PositiveThe New YorkerThe novel, unfolding in a slang that is equal parts Jonathan Swift, Sarah Waters, and Eimear McBride, flexes its moral imagination with inclusive casting ... The colors are deftly blended and controlled. Confessions is an action-adventure tale with postmodern flourishes; an academic comedy spliced with period erotica; an intimate meditation on belonging that doubles as a political proof. Its themes are sex and repression, writing and silence. It is also a mystery ... Foxes are getaway artists: they leave behind only traces and symbols. One virtue of Rosenberg’s novel is that it never tries to cage the wild animals at its heart.
RaveThe New YorkerLike family members around a dinner table, the tales in [Half Gods] support, contradict, and argue with one another. They create a rich disorder. But the disjointedness of the portrait they form also speaks to trauma: how it can interrupt both chronology and one’s sense of self ... [Half Gods] is both generous and parsimonious ... As a writer, Kumarasamy refuses the divine; for her, the force with quasi-supernatural powers, the thing that disrupts linear time, disintegrates the self, and troubles the borders between countries, is violence.
Sayaka Murata, Trans. by Ginny Tapley Takemori
PositiveThe New Yorker\"The novel borrows from Gothic romance, in its pairing of the human and the alluringly, dangerously not. It is a love story, in other words, about a misfit and a store. Or is horror the more accurate genre? ... One eerie achievement of Convenience Store Woman is that the reader is never entirely sure how to think about Keiko. Is she monstrous? Brave and eccentric? ... Murata’s flattened prose has a bodega-after-11-p.m. quality: it feels bathed in garish, fluorescent light. If Keiko comes off as frightening and robotic, so does the entire universe in which her story unfurls ... But, for all the disturbance and oddity in Convenience Store Woman, the book dares the reader to interpret it as a happy story about a woman who has managed to craft her own \'good life.\' ”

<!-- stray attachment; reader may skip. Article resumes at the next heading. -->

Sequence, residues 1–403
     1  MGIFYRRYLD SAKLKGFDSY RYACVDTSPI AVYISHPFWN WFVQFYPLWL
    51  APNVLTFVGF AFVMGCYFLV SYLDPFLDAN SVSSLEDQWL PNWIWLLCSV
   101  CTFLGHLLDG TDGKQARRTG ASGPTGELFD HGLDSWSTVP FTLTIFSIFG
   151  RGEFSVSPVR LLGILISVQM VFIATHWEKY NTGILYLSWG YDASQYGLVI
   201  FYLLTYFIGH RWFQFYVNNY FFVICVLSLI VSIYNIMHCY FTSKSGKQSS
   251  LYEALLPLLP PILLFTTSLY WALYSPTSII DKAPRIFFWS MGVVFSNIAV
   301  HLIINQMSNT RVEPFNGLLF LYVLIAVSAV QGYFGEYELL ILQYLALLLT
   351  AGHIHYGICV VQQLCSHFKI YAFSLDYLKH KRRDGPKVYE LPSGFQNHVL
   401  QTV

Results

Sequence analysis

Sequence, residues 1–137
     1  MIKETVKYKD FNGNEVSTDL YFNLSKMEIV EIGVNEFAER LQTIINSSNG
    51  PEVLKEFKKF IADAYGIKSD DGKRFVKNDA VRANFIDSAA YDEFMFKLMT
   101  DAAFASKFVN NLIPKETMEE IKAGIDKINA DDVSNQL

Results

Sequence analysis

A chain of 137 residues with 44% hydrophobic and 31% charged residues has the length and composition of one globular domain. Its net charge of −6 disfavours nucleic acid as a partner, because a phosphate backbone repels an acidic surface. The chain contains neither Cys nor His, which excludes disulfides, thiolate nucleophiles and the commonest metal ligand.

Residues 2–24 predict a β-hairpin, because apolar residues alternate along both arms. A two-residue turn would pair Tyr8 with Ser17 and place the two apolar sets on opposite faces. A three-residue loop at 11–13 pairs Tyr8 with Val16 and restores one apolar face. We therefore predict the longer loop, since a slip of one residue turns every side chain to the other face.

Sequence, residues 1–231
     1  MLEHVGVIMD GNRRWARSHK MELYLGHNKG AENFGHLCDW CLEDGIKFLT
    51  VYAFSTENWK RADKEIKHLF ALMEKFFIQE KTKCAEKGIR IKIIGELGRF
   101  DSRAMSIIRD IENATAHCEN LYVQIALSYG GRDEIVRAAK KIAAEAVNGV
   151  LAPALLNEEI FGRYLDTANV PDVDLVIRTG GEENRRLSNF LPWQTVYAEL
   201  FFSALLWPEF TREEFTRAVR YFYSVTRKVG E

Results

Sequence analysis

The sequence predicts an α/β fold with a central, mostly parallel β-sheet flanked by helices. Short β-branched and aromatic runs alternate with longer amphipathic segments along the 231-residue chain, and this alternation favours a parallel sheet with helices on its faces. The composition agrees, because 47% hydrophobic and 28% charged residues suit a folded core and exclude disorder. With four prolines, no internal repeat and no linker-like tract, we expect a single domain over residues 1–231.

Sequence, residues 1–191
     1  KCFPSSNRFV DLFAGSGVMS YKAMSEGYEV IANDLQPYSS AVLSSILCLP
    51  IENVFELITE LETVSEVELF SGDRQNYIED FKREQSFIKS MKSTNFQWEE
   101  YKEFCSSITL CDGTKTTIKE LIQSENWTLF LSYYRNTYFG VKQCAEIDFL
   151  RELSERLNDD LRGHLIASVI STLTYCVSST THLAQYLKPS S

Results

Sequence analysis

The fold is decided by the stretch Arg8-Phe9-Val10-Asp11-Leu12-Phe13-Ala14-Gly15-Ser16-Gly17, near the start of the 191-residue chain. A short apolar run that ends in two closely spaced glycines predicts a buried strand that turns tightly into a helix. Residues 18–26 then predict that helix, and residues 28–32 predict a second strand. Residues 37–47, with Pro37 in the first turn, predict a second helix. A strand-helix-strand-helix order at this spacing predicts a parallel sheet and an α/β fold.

RaveThe New Yorker\"With the Faye triad, Cusk has created if not an obliterated narrator then the entrancing illusion of one. Yet Kudos bristles with pitiless—one might say \'negative\'—description that invites the question of whether cruelty and honesty are the same thing ... Cusk, who with her Faye novels has achieved something both radical and beautiful, is pursuing the impossible. As she knows, there is no such thing as a fully negative novel: one that is entirely passive, impartial, and devoid of authorial imagination. Far from abrogating her powers as narrator, Faye takes possession of other people’s stories ... Cusk has not written a negative novel so much as she has written a novel about her failure to write a negative novel. In the end, though, one suspects that Cusk’s desire for creative authority is too understandably fierce for her to ever really sign on to negative literature, even if she could. Which makes Kudos—the title translates to \'honor, glory, status\'—a book about failure that is not, in itself, a failure. In fact, it is a breathtaking success.\
RaveThe New Yorker\"Despite its departures from Groff’s earlier work, the collection still conjures that feeling of when the floor falls out from under you; as in Fates and Furies, familiar, everyday life dangles by a thin string ... Taken together, the stories have the feel of autobiography, although, as in a Salvador Dali painting, their emotional disclosures are encrypted in phantasmagoria. Fates and Furies spelunked into characters’ psyches, while Groff’s short fiction projects psychology outward, externalizing dread, pleasure, and innocence in feral cats, jasmine, and cygnets ... Groff has always been a sentence-level writer, and the sentences indigenous to Florida are gorgeously weird and limber ... The author practices a kind of alchemical noticing that destabilizes reality and brings the outside world into alignment with characters’ inner lives.\